A passer-by walks past an electronic stock board in downtown Tokyo Friday, Oct. 10, 2008. Japanese shares nose-dived more than 10 percent in morning trade Friday as panicked investors dumped stocks following massive overnight losses on Wall Street and on growing fears over a global recession. The benchmark Nikkei 225 index lost 974.12 points, or 10.64 percent, to close the morning session at 8,183.37. (AP Photo/Itsuo Inouye)
LONDON - European and Asian stock markets mostly fell back Wednesday after a two-day rally amid profit-taking and concerns that the global efforts to restore confidence in the battered financial system will not be enough to stave off a deep recession.
The FTSE 100 index of leading British shares was down 130.91 points, or 3.0 percent, at 4,263.30. Germany's DAX was 127.03 points, or 2.4 percent, lower at 5,072.16, while France's CAC-40 was 85.29 points, or 2.4 percent, down at 3,543.23.
The losses in Europe's follow similar declines in the U.S. and most Asian markets, except Japan.
"After a bumper start to the week, the inevitable reversal for equity markets does seem to be underway but there's certainly no real belief so far that this will mark the end of the rally at least in the short term," said Matt Buckland, a dealer at CMC Markets.
"Instead, we're seeing some profit taking and a reassessment of positions after the upswing, although there is an element of concern as to the longer term economic outlook creeping in," he added.
The upswing seen in the early part of the week was due to the unveiling of a series of bank rescue packages from governments around the world to restore confidence.
On Tuesday, the U.S. government followed Europe's lead and announced it is to pump some US250 billion into shares of its leading banks, including JP Morgan Chase & Co., Bank of America Corp., Goldman Sachs Inc. and Citigroup Inc.
The long-term key is whether the flurry of activity can actually break the logjam in credit markets. Despite the coordinated interest rate reductions announced last Wednesday, and massive liquidity boosts, the rates at which banks lend remain high, despite some easing in rates and spreads this week. That could in turn make it harder for businesses and consumers to get the credit they need and hurt the economy.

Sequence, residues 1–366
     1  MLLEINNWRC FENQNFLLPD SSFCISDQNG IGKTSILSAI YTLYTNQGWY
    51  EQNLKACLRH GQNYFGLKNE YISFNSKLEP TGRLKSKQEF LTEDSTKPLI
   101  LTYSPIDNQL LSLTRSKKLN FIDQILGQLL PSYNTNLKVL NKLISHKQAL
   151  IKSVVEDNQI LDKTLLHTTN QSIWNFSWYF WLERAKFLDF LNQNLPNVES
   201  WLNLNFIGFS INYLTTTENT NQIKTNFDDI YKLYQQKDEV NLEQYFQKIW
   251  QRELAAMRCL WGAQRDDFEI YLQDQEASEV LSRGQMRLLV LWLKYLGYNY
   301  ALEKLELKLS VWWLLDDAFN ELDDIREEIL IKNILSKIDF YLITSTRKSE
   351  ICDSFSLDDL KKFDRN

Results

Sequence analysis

Though the rescue packages have helped confidence in markets recover somewhat, evidenced by Monday's record rise on Wall Street and the modest easing in interbank lending rates, they will do nothing to prevent a serious economic slowdown.
"The plans will not be able to avoid a serious fallout of the financial crisis on the real economy, as the deleveraging currently undergoing in the financial sector and the confidence effect of recent events on both businesses and consumers hit Main Street," said Luigi Speranza, an analyst at BNP Paribas.
The effect on the real economy was highlighted Wednesday in Britain with the news that unemployment rose by another 164,000 between June and August, to 1.79 million. The biggest rise since 1991 took the official unemployment rate up to 5.7 percent from 5.2 percent in the previous quarter.
"With the UK heading into recession, we expect this measure to rise by a total of 1.5 million to around 3 million or 9 percent by the end of 2010," said Vicky Redwood, an economist at Capital Economics.
Concerns about the global economic outlook are clear also in the price of oil, which has fallen another $1.07 to $77.56, near the year lows recorded last Friday when stock markets around the world collapsed.
Resource issues have also taken a hit on worries about slowing demand. Shares in Posco, the world's fourth-largest steelmaker, lost almost 8.7 percent in South Korea, while BHP Billiton Ltd, Australia's largest oil and gas producer, sank more than 4 percent.
A day after announcing billions in new spending to protect Australia's economy, Prime Minister Kevin Rudd accused Wall Street of "obscene failures" in corporate governance and blamed "extreme capitalism" for turmoil.
Earlier in Asia, Hong Kong's Hang Seng Index lost 834.58 points, or nearly 5 percent, to close at 15,998.30 after rising more than 13 percent the previous two days. Markets in Australia, South Korea, China, India and Singapore also sank.
Japan's Nikkei 225 index bucked the trend, however, ending up 1.1 percent at 9,547.47. The benchmark soared 14 percent in the previous session — its biggest single-day gain ever.
In Hong Kong, Chief Executive Donald Tsang said the meltdown was even worse than the 1997 Asian financial crisis and would take a far bigger toll on the global economy.
Major exporters such as Japanese automakers slumped due to concerns over the U.S. economy, a vital market for Asian goods. Honda Motor Co. shed 5.23 percent, and Toyota Motor Corp. lost 1.88 percent.